Colorado state legislature returns to more typical purple hue

Colorado State Capitol dome

After a shakeup that has had ballot counters working for days after the election tallying close races, the state Senate has flipped by one seat to Republican control, 18 seats to 17 seats. Democrats retain control of the House, though the scale of their majority remains in flux. Ballots arestill being reviewed in two close races where Democratic incumbents Rep. Jenice May (D-Aurora) and Rep. Mike McLachlan (D-Durango) trail their Republican opponents by a few hundred votes.

Even if both May and McLachlan lose, Democrats will still hold a 34-31 majority in the chamber and have scheduled their leadership election for this Friday morning.

Currently, House Majority Leader Dicky Lee Hullinghorst (D-Boulder) is running unopposed for Speaker of the House. Denver Reps. Crisanta Duran and Dan Pabon are both running for Majority Leader and Dominick Moreno (D-Commerce City) is running against Beth McCann (D-Denver) for Assistant Majority Leader. Rep. Sue Ryden, who nearly lost her Aurora seat in the Republican wave, runs unopposed for Majority Whip.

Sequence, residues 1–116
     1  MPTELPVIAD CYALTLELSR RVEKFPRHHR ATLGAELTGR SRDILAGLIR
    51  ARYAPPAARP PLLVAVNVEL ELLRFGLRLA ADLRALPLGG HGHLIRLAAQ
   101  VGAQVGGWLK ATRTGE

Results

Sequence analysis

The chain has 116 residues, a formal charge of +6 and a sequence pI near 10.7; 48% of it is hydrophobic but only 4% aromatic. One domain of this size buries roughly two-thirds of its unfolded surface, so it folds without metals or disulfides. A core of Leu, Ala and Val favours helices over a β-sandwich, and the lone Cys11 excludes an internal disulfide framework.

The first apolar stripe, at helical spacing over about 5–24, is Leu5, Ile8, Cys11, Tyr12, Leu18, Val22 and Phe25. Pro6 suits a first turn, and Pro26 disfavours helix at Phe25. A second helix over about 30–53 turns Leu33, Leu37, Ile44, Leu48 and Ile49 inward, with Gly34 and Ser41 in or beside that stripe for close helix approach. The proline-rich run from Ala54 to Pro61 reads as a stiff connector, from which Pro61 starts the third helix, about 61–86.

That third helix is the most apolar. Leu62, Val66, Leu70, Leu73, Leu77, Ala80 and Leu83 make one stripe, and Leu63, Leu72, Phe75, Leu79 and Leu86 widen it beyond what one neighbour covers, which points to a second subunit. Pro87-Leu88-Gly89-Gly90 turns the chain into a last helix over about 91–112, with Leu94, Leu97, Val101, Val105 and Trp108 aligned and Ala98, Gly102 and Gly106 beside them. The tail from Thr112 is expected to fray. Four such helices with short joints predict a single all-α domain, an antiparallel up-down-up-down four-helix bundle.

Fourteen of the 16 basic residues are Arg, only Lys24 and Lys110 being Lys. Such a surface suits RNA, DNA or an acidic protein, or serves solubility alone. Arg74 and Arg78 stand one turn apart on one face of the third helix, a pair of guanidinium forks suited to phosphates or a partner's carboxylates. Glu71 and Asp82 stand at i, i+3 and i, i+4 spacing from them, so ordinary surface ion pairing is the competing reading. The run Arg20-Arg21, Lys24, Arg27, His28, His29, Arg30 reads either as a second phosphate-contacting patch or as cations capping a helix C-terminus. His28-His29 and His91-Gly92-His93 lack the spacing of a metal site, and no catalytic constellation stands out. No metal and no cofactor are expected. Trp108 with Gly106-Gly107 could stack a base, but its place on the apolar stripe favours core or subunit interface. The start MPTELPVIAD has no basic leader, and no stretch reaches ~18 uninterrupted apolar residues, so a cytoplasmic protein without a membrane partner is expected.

Though the balance of power was split in the state legislature up until 2013 when Democrats took control of the House as part of the wave that reelected President Barack Obama, Republicans have not controlled the Senate in a decade. Senate Minority Leader Bill Cadman (R- Colorado Springs) is considered a shoe-in to replace President Morgan Carroll (D-Denver).

The return to a purple statehouse is widely considered a boon for Gov. John Hickenlooper, whose path to reelection narrowed considerably after he signed controversial policies passed by the all-Democratic legislature in 2013 that concerned issues including gun control and rural renewable energy standards.


[Image by John Maushammer